I’m fine with Harris as vice president (and maybe, after that, president). But just as it was a mistake to send Barack Obama to the White House after he’d been in the U.S. Senate for only four years, it would be a mistake to send Harris to the White House after only four years in the Senate. She needs to learn D.C. a lot more before she takes the top job there; Jesus fucking Christ.

Indeed, I have to surmise that it was because Obama had been in D.C. for only four years before he became president — because of his naiveté and his hubris — that he squandered 2009 and 2010 trying to hold hands and sing “Kumbaya” with the Repugnican Tea Party traitors in Congress, who obviously never were going to work with him in the first fucking place, and therefore the Democrats lost the U.S. House of Representatives in November 2010 and then the U.S. Senate in November 2014.

Indeed, for at least six of his eight years in the White House, Obama was crippled, and his crippling was of his own doing. Again, he didn’t own and use the political capital that he’d earned in November 2008, but instead squandered it spectacularly in 2009 and 2010.

Harris as the 2020 Democratic Party vice presidential candidate would be a nice geographical placement (a president from Vermont and a vice president from California), and as there appear to be two broad wings of the Democratic Party — progressives (those who focus first and foremost on socioeconomic issues) and identity politicians (those who focus first and foremost on race, gender, sexual orientation, religion, ethnicity, etc.) — the pairing should bring the party together as much as it’s possible to bring the party together.**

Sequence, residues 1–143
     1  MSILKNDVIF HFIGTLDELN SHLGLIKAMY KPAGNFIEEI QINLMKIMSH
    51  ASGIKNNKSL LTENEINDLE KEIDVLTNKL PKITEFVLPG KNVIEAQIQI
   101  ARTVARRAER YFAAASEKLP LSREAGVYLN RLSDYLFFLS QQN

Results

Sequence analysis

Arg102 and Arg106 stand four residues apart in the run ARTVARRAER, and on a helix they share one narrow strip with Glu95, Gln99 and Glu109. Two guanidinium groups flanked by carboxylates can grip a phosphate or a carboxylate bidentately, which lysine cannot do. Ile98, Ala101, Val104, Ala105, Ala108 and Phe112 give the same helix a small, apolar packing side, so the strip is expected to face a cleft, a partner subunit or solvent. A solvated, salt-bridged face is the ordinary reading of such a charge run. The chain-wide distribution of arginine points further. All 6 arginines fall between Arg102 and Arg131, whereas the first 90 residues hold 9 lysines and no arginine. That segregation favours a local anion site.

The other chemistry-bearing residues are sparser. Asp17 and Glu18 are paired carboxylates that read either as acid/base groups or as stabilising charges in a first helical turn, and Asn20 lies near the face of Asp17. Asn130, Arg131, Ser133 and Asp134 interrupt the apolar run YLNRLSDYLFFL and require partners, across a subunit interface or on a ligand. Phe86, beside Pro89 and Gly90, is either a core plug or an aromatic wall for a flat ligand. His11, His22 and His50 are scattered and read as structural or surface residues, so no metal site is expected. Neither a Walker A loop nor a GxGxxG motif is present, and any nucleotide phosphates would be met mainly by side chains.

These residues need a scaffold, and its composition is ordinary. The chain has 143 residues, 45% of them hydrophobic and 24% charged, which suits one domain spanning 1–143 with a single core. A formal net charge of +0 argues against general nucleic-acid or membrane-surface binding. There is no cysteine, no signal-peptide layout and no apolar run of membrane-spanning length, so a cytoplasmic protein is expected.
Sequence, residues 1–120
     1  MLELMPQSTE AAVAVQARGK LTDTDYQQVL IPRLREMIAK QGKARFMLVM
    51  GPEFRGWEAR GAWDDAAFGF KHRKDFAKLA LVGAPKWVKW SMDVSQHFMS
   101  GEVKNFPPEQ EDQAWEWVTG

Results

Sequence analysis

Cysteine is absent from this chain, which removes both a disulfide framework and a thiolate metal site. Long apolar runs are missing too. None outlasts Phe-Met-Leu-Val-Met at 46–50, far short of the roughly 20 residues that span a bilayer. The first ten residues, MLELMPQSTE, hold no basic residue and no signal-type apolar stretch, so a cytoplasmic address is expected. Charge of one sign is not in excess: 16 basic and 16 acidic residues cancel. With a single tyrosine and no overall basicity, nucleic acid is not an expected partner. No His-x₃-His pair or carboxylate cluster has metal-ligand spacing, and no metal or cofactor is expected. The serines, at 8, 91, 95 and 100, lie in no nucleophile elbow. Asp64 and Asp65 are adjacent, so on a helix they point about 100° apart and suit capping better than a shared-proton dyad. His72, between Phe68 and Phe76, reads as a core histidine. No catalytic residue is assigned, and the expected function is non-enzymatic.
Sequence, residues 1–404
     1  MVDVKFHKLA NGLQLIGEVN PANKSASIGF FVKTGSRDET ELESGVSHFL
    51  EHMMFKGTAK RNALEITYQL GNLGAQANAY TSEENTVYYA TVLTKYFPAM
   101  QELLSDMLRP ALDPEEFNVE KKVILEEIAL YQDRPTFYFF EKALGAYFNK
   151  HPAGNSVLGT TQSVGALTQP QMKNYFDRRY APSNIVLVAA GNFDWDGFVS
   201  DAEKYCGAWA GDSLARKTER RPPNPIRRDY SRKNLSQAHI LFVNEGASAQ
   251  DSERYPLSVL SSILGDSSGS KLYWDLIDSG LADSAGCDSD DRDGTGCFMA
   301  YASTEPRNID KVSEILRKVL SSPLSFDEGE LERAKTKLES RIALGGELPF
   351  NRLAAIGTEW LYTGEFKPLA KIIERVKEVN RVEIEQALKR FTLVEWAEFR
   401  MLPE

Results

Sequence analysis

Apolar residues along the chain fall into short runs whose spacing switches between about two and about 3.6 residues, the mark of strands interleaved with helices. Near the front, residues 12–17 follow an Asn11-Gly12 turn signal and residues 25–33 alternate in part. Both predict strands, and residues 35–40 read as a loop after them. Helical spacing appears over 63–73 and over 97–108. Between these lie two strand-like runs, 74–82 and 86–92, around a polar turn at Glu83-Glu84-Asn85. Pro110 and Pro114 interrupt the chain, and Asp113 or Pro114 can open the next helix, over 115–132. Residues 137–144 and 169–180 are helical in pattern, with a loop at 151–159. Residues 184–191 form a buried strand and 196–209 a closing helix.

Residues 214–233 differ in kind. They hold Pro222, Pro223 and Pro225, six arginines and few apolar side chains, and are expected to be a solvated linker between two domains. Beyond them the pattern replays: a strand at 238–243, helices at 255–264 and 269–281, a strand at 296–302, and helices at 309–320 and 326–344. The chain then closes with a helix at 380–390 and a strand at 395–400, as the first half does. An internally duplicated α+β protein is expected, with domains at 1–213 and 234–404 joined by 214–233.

Personally, while I like Elizabeth Warren, despite her disconcerting lack of courage, I see Team Pussygrabber taking her down rather easily in November 2020, painting her as the weak egghead (the whole “Pocahontas” bullshit entirely aside), so I hope to hell that she doesn’t win the 2020 Democratic Party presidential nomination.

I’m just being honest about that. I’d very probably vote for her should she actually win the nomination, but I wouldn’t expect her to win the White House. I’d expect her to get Dukakised.

Joe Biden remains a has-been. He’s too aligned with both Billary Clinton and with Barack Obama, and that brand of the Democratic Party — the do-nothing center-right — is dying to the new Democratic Party that is struggling to be born. I cannot and will not and would not support Joe Biden. It would be going backwards.

Cory Booker is a corporate whore and an empty suit who only cynically and superficially would be trying to be the next Barack Obama. I cannot and will not and would not support Cory Booker. I wouldn’t even want him as a vice-presidential candidate.

There’s no reason to even discuss Nos. 6 through 10 because none of them is going to win the 2020 Democratic Party presidential nomination, unless Nos. 1 through 5 die unexpectedly.